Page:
Barton House

It was the dream of Joseph James Barton to have his elegant, two-and-a-half-story house located near a railroad depot and train. Although with much effort to make the dream a reality, it didn’t materialize. The Bartons’ home was the first structure in a planned community on a railroad line that never came through. Read More


Renderbrook-Spade Blacksmith Shop

The most distinct sound on a ranch was the ring of a blacksmith’s hammer hitting iron. The smell of coal or burning mesquite wood filled the air, as bar iron glowed red in the hot fire. In short order, the skilled blacksmith created a new rim for a wagon wheel, a pair of shoes for the mule team, a branding iron for the ranch hands and repaired the windmill for the ranch. On a large spread, one of the first structures built was the blacksmith’s shop. And one of the most valuable ranch hands was the smithy. Read More


Spur Granary and Stables

The Spur Granary was built with “sweat equity,” long before anyone knew what those words meant. Ultimately, it was designed to make an easier job each day of feeding the ranch’s horses. At the time of its donation to the National Ranching Heritage Center in 1969, the structure was still operative, but it was presented for preservation and interpretation because of its historical value. The granary represents human ingenuity and innovation, byproducts of this well-known ranch. Read More


U Lazy S Carriage House

Not every rancher had a carriage house, and certainly not those just starting out. The building housed fine buggies and surreys, pulled by excellent horses. The carriage house was a possession aspired to by many young men. It came with prosperity and usually a wife and children, as most dignified ladies did not ride long distances horseback. The carriage house was an accouterment of John B. Slaughter’s fine ranch headquarters in Post, Texas, made possible from years of hard work and smart business transactions. Read More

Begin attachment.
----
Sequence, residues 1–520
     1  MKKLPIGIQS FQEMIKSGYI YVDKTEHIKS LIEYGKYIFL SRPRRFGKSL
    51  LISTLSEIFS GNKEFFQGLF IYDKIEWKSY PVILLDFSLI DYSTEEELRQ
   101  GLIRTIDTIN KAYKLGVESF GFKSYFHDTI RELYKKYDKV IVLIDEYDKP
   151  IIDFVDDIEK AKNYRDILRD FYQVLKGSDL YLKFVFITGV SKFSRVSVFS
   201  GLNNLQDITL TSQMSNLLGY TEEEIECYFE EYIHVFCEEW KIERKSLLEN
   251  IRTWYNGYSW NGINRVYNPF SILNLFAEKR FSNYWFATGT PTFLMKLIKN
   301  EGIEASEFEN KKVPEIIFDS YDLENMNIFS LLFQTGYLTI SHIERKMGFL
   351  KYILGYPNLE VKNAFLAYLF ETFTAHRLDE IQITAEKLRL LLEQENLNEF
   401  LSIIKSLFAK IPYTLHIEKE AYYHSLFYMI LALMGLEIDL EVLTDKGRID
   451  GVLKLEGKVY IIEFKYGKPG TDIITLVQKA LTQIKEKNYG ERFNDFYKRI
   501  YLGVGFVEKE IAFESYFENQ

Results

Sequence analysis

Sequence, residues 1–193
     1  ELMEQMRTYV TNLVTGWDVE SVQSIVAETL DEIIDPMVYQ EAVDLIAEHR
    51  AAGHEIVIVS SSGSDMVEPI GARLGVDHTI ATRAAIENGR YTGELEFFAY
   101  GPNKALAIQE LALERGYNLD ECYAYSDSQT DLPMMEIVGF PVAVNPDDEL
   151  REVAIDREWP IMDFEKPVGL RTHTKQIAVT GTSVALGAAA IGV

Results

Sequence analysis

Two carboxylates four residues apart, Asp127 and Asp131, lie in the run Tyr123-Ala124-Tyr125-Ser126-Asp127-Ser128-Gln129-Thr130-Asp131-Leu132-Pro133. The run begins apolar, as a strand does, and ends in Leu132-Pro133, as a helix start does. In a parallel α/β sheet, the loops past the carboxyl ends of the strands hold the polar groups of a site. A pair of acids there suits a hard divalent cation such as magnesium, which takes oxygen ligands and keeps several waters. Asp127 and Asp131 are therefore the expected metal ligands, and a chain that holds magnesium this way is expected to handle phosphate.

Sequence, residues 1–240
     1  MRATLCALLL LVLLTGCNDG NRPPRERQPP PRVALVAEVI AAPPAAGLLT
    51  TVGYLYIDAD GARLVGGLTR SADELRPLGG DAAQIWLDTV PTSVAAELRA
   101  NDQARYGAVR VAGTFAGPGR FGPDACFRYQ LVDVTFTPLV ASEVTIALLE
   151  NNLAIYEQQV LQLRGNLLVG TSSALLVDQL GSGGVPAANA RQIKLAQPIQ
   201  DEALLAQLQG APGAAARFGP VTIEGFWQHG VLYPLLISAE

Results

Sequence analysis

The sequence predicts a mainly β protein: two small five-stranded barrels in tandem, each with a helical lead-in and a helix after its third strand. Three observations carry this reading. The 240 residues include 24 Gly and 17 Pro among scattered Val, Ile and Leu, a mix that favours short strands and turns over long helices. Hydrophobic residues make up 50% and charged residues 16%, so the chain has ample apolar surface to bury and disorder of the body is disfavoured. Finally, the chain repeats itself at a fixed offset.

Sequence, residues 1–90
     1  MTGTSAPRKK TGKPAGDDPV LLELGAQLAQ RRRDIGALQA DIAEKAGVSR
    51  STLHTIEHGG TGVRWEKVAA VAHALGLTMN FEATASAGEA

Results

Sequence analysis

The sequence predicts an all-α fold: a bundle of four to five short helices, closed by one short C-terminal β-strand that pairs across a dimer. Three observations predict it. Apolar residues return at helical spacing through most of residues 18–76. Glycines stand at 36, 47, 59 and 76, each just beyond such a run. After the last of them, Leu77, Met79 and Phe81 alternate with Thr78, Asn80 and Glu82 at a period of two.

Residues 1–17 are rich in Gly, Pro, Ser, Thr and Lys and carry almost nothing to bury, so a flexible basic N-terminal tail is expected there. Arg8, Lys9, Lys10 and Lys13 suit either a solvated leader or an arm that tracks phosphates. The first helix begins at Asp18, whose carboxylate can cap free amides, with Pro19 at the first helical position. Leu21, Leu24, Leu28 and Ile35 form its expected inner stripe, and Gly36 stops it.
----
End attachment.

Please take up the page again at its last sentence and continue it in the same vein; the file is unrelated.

Canon Ranch Sheep Hospital

In the 1920s, the Canon Ranch in southwest Texas built this sheep hospital shed to aid in the battle against the screwworm infestation. Prior to the 1962 screwworm eradication program along the Texas/Mexico border, the worms were killing hundreds of head of livestock every year. The cowboys on the ranch carried medicine in their saddlebags to treat wounds on animals in the pasture, but there was only so much that could be done to help in the pasture. More severe cases of infestation were brought to the hospital shed where the livestock could be protected from flies while the wounds were treated. Read More


Reynolds Gentry Barn